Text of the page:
US heating concerns rise amid rising costs, uncertainty
JAY, Maine (AP) — Across America, families look to winter with fear as energy costs rise and fuel supplies harden.
The Energy Department is forecasting sharper price increases for home heating compared to last winter and some worry whether heating assistance programs will be able to make up the difference for struggling families. position is Even in EuropeRussia’s continued cut of natural gas has resulted in price increases and painful shortages.
In Maine, Aaron Remo saw the writing on the wall and began heating the oil in 5-gallon increments over the summer as costs went uphill. He filled a container with as hot oil as he could usually buy it on paid days, and used a heating assistance program to top off his 275-gallon oil tank with the arrival of cold weather. .
His family is trying to avoid being forced to make a difficult decision – choosing between food or heating their home.
“It’s a tough one,” he said. “What are you going to choose for food, or what amount of fuel oil are you going to choose to stay warm?”
Several factors are converging to create a bleak situation: global energy consumption has resumed since the start of the pandemic, and supplies were barely running short before the war in Ukraine.
The National Energy Assistance Directors Association says energy costs will be the highest in more than a decade this winter.
The Energy Department’s project heating bill will rise 28% this winter for people who rely on natural gas, which is used to heat nearly half of American homes. Heating oil is estimated to be 27% higher and electricity 10% higher, the agency said.
This comes against inflation rates that accelerated last month. Consumer prices are up 6.6%Fastest such pace in four decades.
The pain will be particularly acute in New England, which relies heavily on heating oil to keep homes warm. It is estimated to cost more than $2,300 to heat a typical home with heating oil this winter, the Energy Department said.
Across the country, some are urging utilities to implement moratoriums on winter shut-offs, and members of Congress have already added $1 billion in heating aid. But there will be fewer federal dollars than last year when pandemic aid flowed in.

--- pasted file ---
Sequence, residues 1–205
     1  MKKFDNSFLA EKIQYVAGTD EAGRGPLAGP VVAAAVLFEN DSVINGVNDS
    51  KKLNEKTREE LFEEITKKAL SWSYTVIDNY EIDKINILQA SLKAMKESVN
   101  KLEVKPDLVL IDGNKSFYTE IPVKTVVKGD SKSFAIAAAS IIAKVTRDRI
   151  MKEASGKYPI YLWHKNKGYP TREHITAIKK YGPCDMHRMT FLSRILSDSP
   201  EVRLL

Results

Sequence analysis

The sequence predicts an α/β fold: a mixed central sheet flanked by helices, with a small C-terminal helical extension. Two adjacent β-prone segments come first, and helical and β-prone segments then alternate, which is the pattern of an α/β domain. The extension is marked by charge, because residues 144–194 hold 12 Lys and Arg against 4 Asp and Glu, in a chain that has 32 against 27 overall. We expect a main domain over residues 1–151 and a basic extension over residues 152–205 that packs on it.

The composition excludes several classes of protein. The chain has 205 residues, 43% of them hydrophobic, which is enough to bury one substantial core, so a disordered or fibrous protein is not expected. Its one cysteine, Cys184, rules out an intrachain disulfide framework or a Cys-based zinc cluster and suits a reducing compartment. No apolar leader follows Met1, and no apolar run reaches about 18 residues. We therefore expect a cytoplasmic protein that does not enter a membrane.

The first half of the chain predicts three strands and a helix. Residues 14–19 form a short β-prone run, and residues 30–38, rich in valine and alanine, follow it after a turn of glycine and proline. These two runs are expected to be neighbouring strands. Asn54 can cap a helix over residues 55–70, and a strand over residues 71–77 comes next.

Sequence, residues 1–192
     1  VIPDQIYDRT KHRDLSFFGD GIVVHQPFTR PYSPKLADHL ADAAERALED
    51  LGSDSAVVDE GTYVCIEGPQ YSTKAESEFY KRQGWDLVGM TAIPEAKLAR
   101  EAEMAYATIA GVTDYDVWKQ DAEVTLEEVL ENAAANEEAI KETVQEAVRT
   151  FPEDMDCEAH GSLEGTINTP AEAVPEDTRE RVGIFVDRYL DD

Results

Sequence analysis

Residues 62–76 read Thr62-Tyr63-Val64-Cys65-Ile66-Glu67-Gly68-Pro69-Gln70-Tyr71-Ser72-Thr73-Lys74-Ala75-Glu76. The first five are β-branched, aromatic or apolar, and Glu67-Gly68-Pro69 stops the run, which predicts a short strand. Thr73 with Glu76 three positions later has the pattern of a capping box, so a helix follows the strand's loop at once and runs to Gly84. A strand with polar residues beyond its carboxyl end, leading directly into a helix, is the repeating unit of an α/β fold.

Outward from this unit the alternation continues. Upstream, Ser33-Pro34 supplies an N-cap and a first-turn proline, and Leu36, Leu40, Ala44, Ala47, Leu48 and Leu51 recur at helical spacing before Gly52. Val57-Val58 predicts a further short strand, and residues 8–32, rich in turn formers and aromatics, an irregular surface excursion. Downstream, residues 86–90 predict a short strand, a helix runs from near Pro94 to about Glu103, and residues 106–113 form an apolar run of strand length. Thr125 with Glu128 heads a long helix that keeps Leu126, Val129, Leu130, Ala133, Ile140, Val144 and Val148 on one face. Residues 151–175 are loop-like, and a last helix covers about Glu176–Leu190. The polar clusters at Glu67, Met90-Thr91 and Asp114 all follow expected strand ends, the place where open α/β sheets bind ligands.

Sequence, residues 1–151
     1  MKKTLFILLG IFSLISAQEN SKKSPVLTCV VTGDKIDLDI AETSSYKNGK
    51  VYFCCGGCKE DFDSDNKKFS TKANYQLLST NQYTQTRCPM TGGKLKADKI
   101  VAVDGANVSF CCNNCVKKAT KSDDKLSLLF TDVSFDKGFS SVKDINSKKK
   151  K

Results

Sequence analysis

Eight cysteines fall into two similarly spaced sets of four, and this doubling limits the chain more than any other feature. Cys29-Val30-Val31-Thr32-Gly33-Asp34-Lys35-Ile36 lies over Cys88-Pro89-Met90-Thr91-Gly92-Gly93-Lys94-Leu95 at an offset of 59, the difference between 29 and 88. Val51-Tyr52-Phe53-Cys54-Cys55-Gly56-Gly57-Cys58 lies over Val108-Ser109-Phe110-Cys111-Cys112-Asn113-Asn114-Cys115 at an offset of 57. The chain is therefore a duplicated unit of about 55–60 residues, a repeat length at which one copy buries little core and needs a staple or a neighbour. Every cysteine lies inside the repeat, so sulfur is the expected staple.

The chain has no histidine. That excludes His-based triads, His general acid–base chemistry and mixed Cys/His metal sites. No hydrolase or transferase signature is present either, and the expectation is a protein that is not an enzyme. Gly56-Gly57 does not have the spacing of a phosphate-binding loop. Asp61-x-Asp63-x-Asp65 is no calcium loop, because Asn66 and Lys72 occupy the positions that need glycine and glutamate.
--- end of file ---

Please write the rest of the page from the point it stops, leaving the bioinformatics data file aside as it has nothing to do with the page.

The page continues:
In Jay, where Remo lives with his partner, Lucinda Tyler, and 8-year-old son, residents were already in the worst-case scenario before the local paper mill announced more than 200 people were out of work. This has the potential to wreak havoc on the city’s budget, and lead to higher property taxes that will eat into residents’ budgets further.
Both Remo and Tyler work full time jobs. She works 70 or 80 hours a week in an orthopedist’s office and she works from home in shareholder services for a financial services company. They don’t deserve much help, even if they’re scrapping to make repairs, buy gas, and put food on the table—and heat their 100-year-old home in a state known for bitter cold weather. .
“We work critical hours but it doesn’t seem like it’s enough,” said Tyler, who cried with relief when he learned he was eligible for even a modest amount of heating assistance.
Last month, Congress added $1 billion to the Low-Income Home Energy Assistance Program, bringing the total to at least $4.8 billion and providing additional heating assistance for the start of the winter season.
The third warmest summer on record has already hit LIHEAP funding, “so I’m glad we were able to secure these new resources before the chill of winter,” said Senate Appropriations Committee Chairman Patrick Leahy, of Vermont. One Democrat said.
But this level represents an overall decrease compared to last year, when federal pandemic relief increased the total energy aid package to more than $8 billion.
Some are asking for help who have never done this in the past. In Auburn, Maine, 72-year-old Mario Zulo said he worked his entire life and never asked for help until last year when he received heating assistance last year. The program helped upgrade their heating.
“It came to us when we needed it the most,” Zulo said.
NEADA executive director Mark Wolff said he feared the federally funded program would not be sufficient due to the high cost of energy and continued volatility in energy markets. He said it could be even worse if the winter is particularly cold.
“Crisis is coming,” he said. “There’s a lot of uncertainty and factors at play that could drive these prices higher.”
In Maine, the state has the oldest population in the country and is most dependent on oil heating, causing a double whammy.
“People are scared. They’re worried. They’re frustrated,” said Lisa McGee, who coordinates the heating assistance program for Community Concepts Inc. in Lewiston, Maine. “There’s more worry this year.”
Follow David Sharp on Twitter @David_Sharp_AP
#heating #concerns #rise #rising #costs #uncertainty